Teen shot, killed in Duquesne Heights was a Brashear High School student | TribLIVE.com
Allegheny

Teen shot, killed in Duquesne Heights was a Brashear High School student

Tom Davidson
1650527_web1_web-police.28

The 16-year-old who died after a Sunday afternoon shooting in Pittsburgh’s Duquesne Heights neighborhood was a junior at Brashear High School, Pittsburgh Public Schools said in a statement.

Police are still investigating, police spokeswoman Cara Cruz said. It was reported to 911 at 3:30 p.m. Sunday in the 300 block of Fingal Street

Alexander Alman died at 1:30 a.m. Monday at UPMC Mercy Hospital, according to the Allegheny County Medical Examiner’s Office.

“Described as a kind student with a good heart, Alexander will be missed by all who knew him. Our thoughts are with Alexander’s family and friends during this difficult time,” Pittsburgh Public Schools spokeswoman Ebony Pugh said in a statement.

The district initially said the shooting was accidental, but later said that because the police investigation was ongoing, it was describing the incident as a shooting.

Counselors are at the school to help anyone who needs it, Pugh said.

The district is also sending a letter to families at the school detailing strategies to help students cope with the loss, Pugh said.

Alman was shot once. Another juvenile who was in the home was questioned about what happened, police said.

Tom Davidson is a Tribune-Review staff writer. You can contact Tom at 724-226-4715, [email protected] or via Twitter .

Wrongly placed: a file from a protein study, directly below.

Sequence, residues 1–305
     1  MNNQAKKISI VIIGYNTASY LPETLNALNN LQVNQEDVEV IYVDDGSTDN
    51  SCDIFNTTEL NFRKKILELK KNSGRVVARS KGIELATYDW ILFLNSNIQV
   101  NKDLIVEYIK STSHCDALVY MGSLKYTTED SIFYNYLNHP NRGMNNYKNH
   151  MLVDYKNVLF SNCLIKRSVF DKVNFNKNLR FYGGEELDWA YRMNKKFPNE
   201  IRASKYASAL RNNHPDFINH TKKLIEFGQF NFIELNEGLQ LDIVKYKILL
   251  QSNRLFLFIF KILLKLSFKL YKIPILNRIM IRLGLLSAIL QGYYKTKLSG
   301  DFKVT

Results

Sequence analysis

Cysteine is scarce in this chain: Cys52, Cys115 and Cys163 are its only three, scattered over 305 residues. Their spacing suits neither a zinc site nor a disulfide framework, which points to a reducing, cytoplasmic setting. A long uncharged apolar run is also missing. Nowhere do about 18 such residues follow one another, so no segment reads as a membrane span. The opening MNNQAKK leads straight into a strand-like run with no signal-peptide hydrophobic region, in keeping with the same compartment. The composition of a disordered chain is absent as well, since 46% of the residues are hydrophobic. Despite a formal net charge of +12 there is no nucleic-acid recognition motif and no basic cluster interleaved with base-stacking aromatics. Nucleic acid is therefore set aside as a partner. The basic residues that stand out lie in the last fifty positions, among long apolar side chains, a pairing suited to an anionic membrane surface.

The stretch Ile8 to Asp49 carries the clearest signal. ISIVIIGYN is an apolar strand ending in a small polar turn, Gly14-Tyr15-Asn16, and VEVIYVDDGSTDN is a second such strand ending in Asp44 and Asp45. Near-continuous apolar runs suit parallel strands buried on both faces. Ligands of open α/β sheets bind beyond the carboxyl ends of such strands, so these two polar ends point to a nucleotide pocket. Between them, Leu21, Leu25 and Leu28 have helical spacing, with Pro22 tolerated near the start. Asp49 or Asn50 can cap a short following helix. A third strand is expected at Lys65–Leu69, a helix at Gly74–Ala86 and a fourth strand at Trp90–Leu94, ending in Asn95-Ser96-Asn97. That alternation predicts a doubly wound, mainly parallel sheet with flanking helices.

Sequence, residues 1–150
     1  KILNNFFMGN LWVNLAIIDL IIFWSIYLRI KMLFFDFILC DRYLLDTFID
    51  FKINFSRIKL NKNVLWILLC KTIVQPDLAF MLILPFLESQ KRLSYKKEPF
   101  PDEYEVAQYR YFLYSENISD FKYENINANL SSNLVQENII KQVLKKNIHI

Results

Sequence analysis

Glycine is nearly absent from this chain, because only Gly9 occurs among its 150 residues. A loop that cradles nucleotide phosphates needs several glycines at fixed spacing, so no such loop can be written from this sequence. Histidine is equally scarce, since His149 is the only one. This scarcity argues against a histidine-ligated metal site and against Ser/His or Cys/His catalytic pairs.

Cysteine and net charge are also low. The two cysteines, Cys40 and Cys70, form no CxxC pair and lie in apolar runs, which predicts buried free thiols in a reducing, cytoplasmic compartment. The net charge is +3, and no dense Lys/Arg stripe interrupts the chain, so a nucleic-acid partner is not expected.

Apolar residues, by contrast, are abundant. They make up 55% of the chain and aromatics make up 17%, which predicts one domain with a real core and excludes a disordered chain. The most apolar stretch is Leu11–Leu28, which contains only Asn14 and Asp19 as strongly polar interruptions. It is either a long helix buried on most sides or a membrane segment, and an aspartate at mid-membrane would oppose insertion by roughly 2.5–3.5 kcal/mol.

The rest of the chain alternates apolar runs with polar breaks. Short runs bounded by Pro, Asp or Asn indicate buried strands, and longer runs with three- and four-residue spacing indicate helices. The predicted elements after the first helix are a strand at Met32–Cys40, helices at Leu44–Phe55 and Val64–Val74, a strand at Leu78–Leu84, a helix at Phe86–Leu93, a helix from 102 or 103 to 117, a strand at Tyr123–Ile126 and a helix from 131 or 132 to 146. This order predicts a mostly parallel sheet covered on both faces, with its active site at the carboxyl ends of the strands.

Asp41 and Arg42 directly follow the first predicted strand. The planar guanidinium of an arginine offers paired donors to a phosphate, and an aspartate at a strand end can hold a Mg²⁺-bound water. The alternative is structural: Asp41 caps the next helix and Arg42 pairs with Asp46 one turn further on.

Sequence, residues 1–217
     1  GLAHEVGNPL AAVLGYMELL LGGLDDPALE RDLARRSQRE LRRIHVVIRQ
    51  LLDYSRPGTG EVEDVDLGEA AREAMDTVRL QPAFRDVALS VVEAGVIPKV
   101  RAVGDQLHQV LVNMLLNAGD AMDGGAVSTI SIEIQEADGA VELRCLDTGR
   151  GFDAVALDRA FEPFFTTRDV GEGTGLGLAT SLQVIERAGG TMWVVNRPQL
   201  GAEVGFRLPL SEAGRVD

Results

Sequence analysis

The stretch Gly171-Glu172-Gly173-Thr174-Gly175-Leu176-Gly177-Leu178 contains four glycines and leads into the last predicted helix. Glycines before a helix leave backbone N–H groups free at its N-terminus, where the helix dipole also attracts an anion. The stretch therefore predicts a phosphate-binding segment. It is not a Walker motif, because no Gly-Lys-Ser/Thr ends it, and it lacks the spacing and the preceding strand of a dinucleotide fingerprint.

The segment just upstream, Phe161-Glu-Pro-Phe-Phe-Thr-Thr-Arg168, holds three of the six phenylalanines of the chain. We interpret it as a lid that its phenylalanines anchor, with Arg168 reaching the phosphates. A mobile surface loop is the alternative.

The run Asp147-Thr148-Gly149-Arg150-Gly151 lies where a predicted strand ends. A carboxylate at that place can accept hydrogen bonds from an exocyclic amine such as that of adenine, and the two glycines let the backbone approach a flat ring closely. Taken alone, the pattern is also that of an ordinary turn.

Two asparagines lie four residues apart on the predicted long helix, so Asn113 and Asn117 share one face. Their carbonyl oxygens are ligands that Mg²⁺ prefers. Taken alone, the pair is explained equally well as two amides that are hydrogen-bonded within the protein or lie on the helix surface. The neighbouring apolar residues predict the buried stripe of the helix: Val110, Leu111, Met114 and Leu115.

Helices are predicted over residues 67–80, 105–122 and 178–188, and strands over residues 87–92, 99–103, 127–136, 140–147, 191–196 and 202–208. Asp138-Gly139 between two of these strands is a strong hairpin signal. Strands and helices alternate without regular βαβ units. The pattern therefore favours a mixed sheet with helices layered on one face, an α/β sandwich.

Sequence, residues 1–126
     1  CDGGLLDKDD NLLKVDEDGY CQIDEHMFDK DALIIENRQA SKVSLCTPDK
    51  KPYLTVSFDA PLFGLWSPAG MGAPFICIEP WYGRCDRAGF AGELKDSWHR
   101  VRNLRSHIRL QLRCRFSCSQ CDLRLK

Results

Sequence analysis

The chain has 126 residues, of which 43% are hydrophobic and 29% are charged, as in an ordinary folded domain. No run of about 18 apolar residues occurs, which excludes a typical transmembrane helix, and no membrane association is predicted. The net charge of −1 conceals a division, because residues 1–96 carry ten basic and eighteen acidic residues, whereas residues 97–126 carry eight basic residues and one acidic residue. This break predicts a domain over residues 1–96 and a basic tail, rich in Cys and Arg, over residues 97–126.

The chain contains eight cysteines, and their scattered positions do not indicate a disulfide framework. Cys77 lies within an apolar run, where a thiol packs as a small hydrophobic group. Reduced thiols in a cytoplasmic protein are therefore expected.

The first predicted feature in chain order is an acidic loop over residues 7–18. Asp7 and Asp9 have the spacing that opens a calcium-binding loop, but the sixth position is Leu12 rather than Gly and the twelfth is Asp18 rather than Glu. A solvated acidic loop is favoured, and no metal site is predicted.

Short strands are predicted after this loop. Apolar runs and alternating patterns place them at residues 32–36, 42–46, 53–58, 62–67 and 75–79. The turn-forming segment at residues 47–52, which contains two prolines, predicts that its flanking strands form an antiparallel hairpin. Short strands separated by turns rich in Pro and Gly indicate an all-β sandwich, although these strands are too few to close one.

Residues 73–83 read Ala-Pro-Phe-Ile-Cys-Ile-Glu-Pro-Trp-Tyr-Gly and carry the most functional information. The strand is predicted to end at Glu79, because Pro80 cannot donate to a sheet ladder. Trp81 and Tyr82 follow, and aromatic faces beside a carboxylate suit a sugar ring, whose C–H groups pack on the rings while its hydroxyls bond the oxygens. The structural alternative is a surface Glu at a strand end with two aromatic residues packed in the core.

TribLIVE commenting policy

You are solely responsible for your comments and by using TribLive.com you agree to our Terms of Service.

We moderate comments. Our goal is to provide substantive commentary for a general readership. By screening submissions, we provide a space where readers can share intelligent and informed commentary that enhances the quality of our news and information.

While most comments will be posted if they are on-topic and not abusive, moderating decisions are subjective. We will make them as carefully and consistently as we can. Because of the volume of reader comments, we cannot review individual moderation decisions with readers.

We value thoughtful comments representing a range of views that make their point quickly and politely. We make an effort to protect discussions from repeated comments either by the same reader or different readers

We follow the same standards for taste as the daily newspaper. A few things we won't tolerate: personal attacks, obscenity, vulgarity, profanity (including expletives and letters followed by dashes), commercial promotion, impersonations, incoherence, proselytizing and SHOUTING. Don't include URLs to Web sites.

We do not edit comments. They are either approved or deleted. We reserve the right to edit a comment that is quoted or excerpted in an article. In this case, we may fix spelling and punctuation.

We welcome strong opinions and criticism of our work, but we don't want comments to become bogged down with discussions of our policies and we will moderate accordingly.

We appreciate it when readers and people quoted in articles or blog posts point out errors of fact or emphasis and will investigate all assertions. But these suggestions should be sent via e-mail. To avoid distracting other readers, we won't publish comments that suggest a correction. Instead, corrections will be made in a blog post or in an article.